The Aggression Cycle - or what to expect to find in the wild...

I am conscious The Aggression Cycle doesn't take the typical approach of introducing a new model to our magical practice. Stealing from Gestalt Psychology - a specific type of psychotherapy many magicians and even psychologists mistrust for various reasons - and applying the insights found to ritual magical practice might just push the boundaries a little too much. Well, I am not sure it does. I actually think it does the opposite - rather than introducing completely new to ritual or visionary magic, it will help us to build stronger foundations of our practice and tradition. It is much less about pushing the boundaries than building strong inner pillars or insight and attitude, that will allow to carry all the weight of our magical practice to come in a lifetime.

Either way - whatever it can do for us to become better magicians - I am conscious it will do absolutely nothing, unless I manage to take you on this journey. So with this in mind I thought it might be helpful to share a bit of background on how I came to write this article...

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Ever since I managed to create strong magical contact in my own life - probably seven or eight years ago - I was amazed by how its permeating impact continued to manifest itself after the rite was over. Yet, how to deal with the ripple effects of a successful magical rite or visionary contact seems to be an area much less explored than the grammar of how to establish contact in the first place?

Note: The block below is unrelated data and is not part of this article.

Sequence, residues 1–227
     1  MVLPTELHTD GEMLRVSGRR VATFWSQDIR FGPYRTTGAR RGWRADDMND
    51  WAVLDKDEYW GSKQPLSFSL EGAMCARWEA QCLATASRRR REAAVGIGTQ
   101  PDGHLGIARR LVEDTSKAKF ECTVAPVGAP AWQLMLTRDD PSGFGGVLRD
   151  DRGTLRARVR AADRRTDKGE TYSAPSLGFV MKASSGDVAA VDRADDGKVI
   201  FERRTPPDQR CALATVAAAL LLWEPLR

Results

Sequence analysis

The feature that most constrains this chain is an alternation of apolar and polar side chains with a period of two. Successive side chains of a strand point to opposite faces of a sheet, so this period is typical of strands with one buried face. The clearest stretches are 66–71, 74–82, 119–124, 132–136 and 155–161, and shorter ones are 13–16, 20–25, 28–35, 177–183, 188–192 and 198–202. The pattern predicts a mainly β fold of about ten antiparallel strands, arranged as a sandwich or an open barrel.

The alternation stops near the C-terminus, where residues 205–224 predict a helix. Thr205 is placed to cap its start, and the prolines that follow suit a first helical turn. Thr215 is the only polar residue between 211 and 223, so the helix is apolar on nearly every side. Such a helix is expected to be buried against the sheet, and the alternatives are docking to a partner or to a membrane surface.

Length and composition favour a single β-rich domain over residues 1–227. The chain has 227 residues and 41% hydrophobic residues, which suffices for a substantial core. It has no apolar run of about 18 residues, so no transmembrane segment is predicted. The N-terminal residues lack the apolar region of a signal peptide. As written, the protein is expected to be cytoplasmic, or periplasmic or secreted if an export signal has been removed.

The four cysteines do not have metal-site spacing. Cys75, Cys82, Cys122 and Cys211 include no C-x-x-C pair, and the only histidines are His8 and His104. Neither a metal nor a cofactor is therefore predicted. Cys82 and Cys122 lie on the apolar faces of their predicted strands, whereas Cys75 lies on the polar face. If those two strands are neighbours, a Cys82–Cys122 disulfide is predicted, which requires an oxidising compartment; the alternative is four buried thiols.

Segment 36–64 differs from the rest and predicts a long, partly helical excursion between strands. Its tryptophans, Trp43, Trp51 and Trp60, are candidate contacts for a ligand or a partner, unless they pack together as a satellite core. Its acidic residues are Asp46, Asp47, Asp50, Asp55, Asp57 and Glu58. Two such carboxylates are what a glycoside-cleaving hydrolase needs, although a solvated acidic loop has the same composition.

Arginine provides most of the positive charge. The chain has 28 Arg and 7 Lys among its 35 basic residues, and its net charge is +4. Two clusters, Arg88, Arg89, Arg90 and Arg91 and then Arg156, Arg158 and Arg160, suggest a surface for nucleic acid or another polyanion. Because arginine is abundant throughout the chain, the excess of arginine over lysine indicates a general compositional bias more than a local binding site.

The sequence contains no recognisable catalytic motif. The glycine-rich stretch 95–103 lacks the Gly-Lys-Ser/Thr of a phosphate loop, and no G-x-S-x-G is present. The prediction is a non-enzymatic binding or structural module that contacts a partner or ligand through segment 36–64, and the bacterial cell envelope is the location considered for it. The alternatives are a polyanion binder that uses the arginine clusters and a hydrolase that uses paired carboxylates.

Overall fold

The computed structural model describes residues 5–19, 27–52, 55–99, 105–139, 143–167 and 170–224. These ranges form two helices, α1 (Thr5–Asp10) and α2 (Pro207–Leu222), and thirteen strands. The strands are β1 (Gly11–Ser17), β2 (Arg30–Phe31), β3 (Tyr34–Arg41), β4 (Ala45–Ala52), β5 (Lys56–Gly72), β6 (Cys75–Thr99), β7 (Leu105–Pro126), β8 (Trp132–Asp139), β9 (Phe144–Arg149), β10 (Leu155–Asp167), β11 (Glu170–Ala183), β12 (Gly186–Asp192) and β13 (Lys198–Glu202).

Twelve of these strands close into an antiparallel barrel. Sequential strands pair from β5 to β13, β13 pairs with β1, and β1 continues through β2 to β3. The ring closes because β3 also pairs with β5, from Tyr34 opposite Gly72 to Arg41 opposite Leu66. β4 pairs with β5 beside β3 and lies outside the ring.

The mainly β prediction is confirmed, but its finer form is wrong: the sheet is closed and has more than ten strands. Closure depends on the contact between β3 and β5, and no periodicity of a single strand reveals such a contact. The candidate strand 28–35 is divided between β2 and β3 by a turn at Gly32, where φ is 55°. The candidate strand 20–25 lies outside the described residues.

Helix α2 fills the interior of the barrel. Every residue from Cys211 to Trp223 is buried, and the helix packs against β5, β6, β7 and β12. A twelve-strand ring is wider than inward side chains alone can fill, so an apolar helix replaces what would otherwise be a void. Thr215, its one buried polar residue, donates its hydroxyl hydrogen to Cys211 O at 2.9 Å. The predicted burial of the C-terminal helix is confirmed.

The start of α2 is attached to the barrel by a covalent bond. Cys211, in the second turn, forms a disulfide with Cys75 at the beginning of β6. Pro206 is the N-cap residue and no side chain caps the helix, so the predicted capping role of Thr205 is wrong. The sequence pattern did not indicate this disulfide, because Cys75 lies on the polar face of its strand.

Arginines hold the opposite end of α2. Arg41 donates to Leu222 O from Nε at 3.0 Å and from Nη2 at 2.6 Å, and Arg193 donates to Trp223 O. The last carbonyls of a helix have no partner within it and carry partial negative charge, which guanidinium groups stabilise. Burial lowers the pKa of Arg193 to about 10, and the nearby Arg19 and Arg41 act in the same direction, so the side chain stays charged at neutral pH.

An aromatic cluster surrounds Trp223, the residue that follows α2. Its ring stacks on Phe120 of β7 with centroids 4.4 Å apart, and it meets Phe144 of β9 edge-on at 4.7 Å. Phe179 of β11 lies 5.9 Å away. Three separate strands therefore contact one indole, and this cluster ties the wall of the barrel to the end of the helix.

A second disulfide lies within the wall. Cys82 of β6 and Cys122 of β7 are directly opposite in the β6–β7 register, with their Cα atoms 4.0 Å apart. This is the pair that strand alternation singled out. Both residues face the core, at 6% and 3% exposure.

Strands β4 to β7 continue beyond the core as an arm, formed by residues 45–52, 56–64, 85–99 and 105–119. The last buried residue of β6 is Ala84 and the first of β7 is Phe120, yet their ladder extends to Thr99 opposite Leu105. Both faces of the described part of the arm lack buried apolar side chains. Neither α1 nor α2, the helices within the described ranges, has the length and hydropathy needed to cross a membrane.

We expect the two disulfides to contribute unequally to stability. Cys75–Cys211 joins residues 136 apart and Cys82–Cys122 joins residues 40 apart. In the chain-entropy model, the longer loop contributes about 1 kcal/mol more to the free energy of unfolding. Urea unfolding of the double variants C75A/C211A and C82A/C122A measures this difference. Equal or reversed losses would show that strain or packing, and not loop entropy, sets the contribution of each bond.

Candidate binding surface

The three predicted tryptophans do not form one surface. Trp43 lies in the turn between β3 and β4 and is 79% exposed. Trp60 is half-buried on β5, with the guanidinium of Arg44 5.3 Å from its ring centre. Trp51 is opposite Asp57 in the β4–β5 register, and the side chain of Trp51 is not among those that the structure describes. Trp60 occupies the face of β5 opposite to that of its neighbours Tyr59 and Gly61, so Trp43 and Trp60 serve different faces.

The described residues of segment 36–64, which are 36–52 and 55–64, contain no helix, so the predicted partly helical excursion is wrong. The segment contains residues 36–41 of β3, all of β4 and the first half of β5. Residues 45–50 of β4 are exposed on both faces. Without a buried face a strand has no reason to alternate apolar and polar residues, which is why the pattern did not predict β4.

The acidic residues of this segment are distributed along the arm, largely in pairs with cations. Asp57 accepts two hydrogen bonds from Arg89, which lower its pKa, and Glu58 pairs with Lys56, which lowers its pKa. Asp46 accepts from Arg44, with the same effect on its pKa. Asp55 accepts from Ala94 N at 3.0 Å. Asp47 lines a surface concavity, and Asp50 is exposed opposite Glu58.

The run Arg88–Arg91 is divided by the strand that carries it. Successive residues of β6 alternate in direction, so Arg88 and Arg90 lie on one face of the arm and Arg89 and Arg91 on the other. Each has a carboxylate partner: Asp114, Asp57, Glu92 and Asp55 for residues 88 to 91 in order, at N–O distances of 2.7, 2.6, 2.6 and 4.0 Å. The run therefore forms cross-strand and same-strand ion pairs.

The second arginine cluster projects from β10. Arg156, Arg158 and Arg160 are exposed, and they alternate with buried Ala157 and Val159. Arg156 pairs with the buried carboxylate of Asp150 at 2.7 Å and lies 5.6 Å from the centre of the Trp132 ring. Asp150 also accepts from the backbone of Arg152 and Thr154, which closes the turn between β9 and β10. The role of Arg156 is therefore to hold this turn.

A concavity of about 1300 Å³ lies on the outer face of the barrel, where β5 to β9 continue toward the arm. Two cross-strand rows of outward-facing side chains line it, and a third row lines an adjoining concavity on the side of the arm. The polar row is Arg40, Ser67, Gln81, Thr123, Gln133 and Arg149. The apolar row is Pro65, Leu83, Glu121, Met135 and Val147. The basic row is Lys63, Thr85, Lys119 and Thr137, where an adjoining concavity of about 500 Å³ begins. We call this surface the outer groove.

Maybe I should call out here that I am not talking about the consequences of bad or lack of banishing. I think this is a misperception that stems from the heritage of the long gone Golden Dawn era of magic - as well as its tradition’s predecessors during medieval times. What I am talking about are the natural consequences of working with powerful spirits in communion to achieve their goals more than ours. It is the work of priests or priestesses rather than Grimoire magicians that will lead us to experience such types of spiritual impact upon ourselves. 

The actual changes such type of intense magical work triggers on a mental, psychological, emotional and physical level seem to be both manifold as well as important in coming to a deeper understanding of how our human organism is meant - or not meant - to interact with the specific spiritual force in question.